Over the course of 2016 to date, Mazda Australia has sold 30,449 new vehicles, up 7.7 per cent. Toyota is down 5.1 per cent over the same period, though remains well ahead on 46,493. Third-placed Hyundai is well back on 24,402 units, up 3.3 per cent.
There’s no other market where Mazda does so well on a relative basis — its 10.7 per cent market share is unheard of. Like all car-makers, some of this 2016 volume comprises registered vehicles now on-sale as dealer demonstrators. Numbers games…
Interestingly, if you look at the areas where Mazda invests most of its resources, the gap narrows. The combined passenger car and SUV sales of Mazda are 26,889, compared to 33,259 for Toyota. The latter's lead in light commercials is sharp — 13,234 to 3560.
All of this is more notable because unlike Toyota, Mazda has a comparatively small presence in the business, government and rental fleet markets — BT-50 ute aside— and relies more on more lucrative private sales.
If you factor in these purely private sales, meaning people buying their own cars, Mazda might well give the mighty Toyota a shake. Mazda also only offers eight models, whereas Toyota has 20. That’s quite a market coverage discrepancy.
Mazda therefore leads a number of segments outright — the Mazda 2 is the top light car, the Mazda 3 is edging the Corolla in the small car market, the CX-3 is the best-selling small SUV and the CX-5 is king of the medium SUV segment.
However, number one position still isn’t calling. We spoke this week with Mazda Corporation’s visiting global director and senior managing executive officer, Yuji Nakemine, who said that goal wasn’t viable.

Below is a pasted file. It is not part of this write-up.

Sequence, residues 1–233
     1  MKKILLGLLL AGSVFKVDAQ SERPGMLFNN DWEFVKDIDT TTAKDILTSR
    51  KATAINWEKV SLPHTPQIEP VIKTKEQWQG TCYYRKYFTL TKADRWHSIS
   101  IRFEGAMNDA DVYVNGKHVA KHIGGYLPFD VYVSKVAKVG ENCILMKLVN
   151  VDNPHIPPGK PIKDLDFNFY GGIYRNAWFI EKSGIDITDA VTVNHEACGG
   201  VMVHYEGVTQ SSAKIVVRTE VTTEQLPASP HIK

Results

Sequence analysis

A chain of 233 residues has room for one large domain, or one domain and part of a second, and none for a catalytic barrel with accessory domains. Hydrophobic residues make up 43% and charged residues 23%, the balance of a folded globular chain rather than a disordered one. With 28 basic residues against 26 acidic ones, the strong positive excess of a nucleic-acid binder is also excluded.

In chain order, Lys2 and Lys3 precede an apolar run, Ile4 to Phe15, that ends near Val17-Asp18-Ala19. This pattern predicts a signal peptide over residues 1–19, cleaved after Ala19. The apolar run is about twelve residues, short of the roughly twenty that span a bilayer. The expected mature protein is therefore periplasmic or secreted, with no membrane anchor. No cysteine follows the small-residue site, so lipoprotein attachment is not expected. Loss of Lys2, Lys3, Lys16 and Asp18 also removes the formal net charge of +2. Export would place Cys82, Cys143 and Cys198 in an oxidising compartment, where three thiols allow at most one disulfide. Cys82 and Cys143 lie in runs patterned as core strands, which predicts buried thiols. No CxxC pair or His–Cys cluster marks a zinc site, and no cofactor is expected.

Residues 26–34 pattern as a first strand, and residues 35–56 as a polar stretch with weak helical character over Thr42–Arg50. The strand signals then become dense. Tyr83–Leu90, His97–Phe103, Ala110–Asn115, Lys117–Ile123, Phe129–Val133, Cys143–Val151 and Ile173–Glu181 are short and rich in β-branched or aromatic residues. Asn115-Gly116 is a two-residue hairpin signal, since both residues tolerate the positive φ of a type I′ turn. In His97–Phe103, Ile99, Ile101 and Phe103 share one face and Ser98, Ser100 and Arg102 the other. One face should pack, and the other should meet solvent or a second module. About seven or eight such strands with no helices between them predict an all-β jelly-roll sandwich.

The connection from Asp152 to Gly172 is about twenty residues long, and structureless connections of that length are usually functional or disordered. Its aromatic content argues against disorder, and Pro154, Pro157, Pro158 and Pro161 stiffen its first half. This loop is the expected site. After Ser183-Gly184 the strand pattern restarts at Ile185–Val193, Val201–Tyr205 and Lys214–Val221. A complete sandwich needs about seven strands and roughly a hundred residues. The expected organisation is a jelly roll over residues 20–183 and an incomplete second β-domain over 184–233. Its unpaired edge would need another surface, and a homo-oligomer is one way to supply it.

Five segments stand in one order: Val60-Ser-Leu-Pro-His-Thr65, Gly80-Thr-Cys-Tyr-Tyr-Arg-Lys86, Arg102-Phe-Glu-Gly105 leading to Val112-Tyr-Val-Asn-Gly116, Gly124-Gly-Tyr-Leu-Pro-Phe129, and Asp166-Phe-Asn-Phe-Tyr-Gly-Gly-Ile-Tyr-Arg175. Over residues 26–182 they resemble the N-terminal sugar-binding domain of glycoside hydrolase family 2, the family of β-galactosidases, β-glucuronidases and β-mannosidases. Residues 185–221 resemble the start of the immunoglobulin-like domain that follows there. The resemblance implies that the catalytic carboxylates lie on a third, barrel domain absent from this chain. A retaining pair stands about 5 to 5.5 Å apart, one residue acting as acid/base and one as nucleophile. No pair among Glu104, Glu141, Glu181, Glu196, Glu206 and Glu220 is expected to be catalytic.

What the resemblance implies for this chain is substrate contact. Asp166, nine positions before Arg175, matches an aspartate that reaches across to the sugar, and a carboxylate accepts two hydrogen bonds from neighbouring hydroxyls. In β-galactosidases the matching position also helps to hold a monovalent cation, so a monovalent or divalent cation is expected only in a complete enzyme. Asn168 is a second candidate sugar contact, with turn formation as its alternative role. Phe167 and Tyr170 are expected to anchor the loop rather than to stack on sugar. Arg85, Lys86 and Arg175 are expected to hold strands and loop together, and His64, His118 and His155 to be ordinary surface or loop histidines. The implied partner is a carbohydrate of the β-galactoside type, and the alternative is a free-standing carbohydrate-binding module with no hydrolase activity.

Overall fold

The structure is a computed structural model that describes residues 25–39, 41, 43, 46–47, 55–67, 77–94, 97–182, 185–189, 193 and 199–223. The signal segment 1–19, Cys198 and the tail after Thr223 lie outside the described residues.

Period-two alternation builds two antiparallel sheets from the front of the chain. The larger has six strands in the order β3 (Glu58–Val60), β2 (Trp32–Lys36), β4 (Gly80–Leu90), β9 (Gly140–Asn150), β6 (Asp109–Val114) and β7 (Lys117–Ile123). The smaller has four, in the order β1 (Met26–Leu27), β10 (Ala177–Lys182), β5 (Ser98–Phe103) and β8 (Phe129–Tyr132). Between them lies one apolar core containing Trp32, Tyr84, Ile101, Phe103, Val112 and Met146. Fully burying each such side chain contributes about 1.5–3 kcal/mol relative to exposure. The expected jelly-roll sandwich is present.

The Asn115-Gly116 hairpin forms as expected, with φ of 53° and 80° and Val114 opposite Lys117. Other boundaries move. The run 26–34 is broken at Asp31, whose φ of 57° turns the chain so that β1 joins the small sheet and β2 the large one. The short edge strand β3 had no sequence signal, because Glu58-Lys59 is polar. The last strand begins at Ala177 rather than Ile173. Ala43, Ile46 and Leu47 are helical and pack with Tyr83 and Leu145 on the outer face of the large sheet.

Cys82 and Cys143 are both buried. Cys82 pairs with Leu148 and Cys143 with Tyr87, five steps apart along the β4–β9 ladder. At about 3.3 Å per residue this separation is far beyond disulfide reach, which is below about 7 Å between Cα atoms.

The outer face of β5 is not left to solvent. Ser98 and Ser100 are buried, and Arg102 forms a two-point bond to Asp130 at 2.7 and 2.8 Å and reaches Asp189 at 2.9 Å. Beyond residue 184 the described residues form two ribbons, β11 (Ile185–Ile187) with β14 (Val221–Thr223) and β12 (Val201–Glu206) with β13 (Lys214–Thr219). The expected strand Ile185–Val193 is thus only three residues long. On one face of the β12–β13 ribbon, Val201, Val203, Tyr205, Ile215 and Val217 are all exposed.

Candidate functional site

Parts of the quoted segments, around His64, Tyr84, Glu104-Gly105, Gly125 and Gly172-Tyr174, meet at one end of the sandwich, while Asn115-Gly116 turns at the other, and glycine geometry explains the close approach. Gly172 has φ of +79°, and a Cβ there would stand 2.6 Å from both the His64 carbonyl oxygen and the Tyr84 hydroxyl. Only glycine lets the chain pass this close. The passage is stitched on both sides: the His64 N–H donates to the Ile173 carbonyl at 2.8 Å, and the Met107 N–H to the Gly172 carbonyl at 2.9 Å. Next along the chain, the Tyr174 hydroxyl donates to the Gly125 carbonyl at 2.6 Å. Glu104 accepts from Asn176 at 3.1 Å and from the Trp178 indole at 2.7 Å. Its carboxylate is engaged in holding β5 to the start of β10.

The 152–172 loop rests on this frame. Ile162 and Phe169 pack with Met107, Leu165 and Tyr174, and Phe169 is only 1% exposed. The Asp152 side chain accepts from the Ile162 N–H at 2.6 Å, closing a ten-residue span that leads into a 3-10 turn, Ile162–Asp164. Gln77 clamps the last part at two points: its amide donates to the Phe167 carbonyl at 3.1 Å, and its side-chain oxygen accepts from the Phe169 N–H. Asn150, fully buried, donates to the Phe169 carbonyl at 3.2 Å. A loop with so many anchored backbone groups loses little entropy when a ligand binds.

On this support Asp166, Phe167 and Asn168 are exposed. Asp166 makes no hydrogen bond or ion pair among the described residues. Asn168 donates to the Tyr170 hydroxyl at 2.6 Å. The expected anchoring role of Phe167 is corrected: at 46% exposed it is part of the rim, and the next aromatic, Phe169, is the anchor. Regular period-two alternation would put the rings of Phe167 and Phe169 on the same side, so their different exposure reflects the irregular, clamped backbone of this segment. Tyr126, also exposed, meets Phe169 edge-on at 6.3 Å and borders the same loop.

“No I don’t think with the current portfolio we cover all segments… it’s not something we put as a goal, to be number one.
“Number one is Toyota, having 17-18 per cent share, maybe I think Toyota is very strong in also fleet business. To overcome Toyota, it’s really a stretch in my view, we continue to focus on retail, our customers will not be disappointed.
“Frankly speaking, targeting Toyota as number one brand is not really something I’m desperately pursuing.”
That said, Mazda Australia remains determined to grow its market share, partially on the back of the new CX-9, which it wants to be much stronger in the lucrative large SUV market.
Nakemine said 10 per cent overall share was good, but the company could reasonably expect to do even better.
“I see opportunities there, I’m sure… if there is no local manufacturing (by the end of 2017, Ford, Holden and Toyota will have sht their local plants) all of the brands are going to compete based on the same import business model. We will have a level playing field for all brands.
“I see opportunities. I think maybe we should move ahead, because 10 per cent (market share) is a good number but still there are also still customers out there.”